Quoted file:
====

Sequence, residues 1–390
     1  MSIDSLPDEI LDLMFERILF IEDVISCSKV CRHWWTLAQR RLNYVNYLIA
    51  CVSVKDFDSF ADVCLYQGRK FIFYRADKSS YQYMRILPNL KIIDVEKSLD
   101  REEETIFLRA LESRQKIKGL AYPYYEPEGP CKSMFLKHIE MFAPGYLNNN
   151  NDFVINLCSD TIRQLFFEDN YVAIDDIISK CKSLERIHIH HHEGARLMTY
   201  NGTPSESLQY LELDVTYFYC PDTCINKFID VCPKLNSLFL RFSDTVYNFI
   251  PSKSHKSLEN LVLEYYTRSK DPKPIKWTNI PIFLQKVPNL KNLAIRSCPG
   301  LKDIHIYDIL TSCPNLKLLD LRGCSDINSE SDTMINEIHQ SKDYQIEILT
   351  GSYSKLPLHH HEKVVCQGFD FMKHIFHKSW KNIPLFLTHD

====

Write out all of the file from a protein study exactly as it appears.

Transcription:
Sequence, residues 1–390
     1  MSIDSLPDEI LDLMFERILF IEDVISCSKV CRHWWTLAQR RLNYVNYLIA
    51  CVSVKDFDSF ADVCLYQGRK FIFYRADKSS YQYMRILPNL KIIDVEKSLD
   101  REEETIFLRA LESRQKIKGL AYPYYEPEGP CKSMFLKHIE MFAPGYLNNN
   151  NDFVINLCSD TIRQLFFEDN YVAIDDIISK CKSLERIHIH HHEGARLMTY
   201  NGTPSESLQY LELDVTYFYC PDTCINKFID VCPKLNSLFL RFSDTVYNFI
   251  PSKSHKSLEN LVLEYYTRSK DPKPIKWTNI PIFLQKVPNL KNLAIRSCPG
   301  LKDIHIYDIL TSCPNLKLLD LRGCSDINSE SDTMINEIHQ SKDYQIEILT
   351  GSYSKLPLHH HEKVVCQGFD FMKHIFHKSW KNIPLFLTHD